We published the results of our first experiment several years ago. In one sense the experiment was a big success, since we succeeded in measuring nothing with an unprecedented precision: With some kinds of Planck-scale jitters, we would have seen a big effect. But we found no such shaking. It was quiet.
However, that experiment did not rule out all kinds of fluctuating motion in space-time. For example, because the arms of its interferometers were straight, the laser light would not be affected if the apparatus shook with a purely rotational motion: The mirrors would move sideways relative to the beam instead of along it.
Searching for Planck-scale twists in space-time
In general relativity, rotating matter drags space-time along with it. In the presence of a rotating mass, the local nonrotating frame, as measured by a gyroscope, rotates relative to the distant universe, as measured by distant stars. It could well be that quantum space-time has a Planck-scale uncertainty of the local frame, which would lead to random rotational fluctuations or twists that we would not have detected in our first experiment, and much too small to detect in any normal gyroscope.
So, we did a new experiment. We rebuilt the apparatus in a new shape. We added extra mirrors to steer some of the laser light in different direction, so the signal would respond to coherent rotational jitters or twists.
The new instrument is an incredibly sensitive gyroscope for very short durations, able to detect very small rotational twists over the fraction of a microsecond it takes light to cross it. We can detect shaking that changes direction randomly a million times a second, but that moves the opposite sides of the apparatus by only a billionth of a billionth of a meter — a speed much slower than continental drift. In our apparatus, that corresponds to randomly fluctuating twists of about one Planck length every Planck time.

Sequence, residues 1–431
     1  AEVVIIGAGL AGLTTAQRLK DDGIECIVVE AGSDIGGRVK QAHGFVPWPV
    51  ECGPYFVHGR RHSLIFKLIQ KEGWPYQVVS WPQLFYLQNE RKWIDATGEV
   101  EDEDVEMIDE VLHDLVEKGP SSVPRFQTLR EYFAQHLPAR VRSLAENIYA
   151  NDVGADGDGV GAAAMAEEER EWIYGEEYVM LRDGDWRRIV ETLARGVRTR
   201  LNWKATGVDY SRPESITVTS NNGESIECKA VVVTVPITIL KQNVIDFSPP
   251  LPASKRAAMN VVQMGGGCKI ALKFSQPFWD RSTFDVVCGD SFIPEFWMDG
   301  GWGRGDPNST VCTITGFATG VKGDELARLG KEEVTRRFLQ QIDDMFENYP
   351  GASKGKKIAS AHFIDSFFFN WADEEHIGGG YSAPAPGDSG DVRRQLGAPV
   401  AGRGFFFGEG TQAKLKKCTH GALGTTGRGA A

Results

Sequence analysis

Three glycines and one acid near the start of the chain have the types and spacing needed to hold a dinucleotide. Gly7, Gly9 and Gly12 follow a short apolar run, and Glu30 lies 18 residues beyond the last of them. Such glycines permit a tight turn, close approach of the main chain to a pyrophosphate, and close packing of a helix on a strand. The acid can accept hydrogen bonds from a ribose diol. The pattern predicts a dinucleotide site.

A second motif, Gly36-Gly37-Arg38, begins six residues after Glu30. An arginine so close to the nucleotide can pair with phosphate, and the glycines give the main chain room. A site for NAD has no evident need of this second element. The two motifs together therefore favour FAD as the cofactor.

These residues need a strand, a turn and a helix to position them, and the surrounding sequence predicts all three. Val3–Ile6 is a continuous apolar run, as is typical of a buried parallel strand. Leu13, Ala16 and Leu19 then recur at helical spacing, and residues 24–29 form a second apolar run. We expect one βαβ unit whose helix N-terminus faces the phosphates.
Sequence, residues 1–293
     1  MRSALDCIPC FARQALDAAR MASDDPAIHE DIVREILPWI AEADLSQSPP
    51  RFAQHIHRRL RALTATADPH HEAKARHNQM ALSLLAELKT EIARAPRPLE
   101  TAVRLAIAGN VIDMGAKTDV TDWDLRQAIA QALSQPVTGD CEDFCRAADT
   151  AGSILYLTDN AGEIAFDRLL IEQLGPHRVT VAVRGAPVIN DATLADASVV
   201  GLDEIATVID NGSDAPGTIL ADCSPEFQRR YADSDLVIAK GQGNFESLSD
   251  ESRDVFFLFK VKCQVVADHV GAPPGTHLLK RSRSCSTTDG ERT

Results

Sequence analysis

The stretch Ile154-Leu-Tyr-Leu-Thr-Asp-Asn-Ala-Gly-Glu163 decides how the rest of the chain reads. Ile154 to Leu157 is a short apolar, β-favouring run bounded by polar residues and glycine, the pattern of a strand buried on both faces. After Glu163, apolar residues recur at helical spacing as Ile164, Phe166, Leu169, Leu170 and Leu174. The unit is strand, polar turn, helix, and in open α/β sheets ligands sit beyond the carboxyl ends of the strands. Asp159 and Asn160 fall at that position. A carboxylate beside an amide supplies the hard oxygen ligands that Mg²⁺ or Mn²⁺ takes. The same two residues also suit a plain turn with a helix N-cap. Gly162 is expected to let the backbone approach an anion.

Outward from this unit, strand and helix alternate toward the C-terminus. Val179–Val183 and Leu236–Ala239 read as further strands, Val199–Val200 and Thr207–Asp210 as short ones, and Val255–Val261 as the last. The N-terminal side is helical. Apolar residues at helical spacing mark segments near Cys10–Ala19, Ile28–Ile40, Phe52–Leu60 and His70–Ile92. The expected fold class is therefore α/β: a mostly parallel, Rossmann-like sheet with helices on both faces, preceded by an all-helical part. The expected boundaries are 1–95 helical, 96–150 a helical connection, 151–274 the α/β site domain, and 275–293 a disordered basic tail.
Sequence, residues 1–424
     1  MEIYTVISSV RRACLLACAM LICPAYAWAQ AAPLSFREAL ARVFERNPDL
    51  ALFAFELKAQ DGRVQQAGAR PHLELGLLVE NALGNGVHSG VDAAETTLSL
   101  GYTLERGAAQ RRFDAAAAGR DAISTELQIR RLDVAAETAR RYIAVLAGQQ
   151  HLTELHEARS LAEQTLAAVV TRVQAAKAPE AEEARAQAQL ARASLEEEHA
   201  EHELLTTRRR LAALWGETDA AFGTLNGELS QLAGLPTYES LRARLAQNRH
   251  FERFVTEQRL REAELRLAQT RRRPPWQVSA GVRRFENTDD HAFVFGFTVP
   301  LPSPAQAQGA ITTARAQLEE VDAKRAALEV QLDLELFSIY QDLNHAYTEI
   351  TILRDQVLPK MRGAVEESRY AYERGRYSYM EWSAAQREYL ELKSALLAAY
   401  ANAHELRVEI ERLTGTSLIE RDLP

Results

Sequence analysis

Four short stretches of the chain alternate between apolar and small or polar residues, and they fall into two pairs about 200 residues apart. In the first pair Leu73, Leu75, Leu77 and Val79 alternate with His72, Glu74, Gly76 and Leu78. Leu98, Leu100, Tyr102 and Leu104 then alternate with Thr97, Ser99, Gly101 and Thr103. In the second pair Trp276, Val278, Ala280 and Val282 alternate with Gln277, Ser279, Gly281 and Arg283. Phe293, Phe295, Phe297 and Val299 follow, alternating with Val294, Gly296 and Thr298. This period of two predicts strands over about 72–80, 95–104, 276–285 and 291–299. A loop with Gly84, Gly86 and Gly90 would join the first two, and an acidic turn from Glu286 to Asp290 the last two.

We recently completed our final experiment with this reconfigured Holometer. Our final result is again no jitters, which can be interpreted as no Planck-scale twists, of a certain kind, in the fabric of space-time. It seems space-time at the Planck scale is very quiet indeed.
The reason to keep looking for these effects is that we may never understand how quantum space-time works without some measurement to guide theory. The Holometer program is exploratory. Our experiment started with only rough theories to guide its design, and we still do not have a unique way to interpret our null results, since there is no rigorous theory of what we are looking for. Are the jitters just a bit smaller than we thought they might be, or do they have a symmetry that creates a pattern in space that we haven’t measured? New technology will enable future experiments better than ours and possibly give us some clues to how space and time emerge from a deeper quantum system.
We recently published a paper on our findings in the arXiv.
Craig Hogan is a Fermilab scientist and a professor of astronomy and astrophysics at the University of Chicago.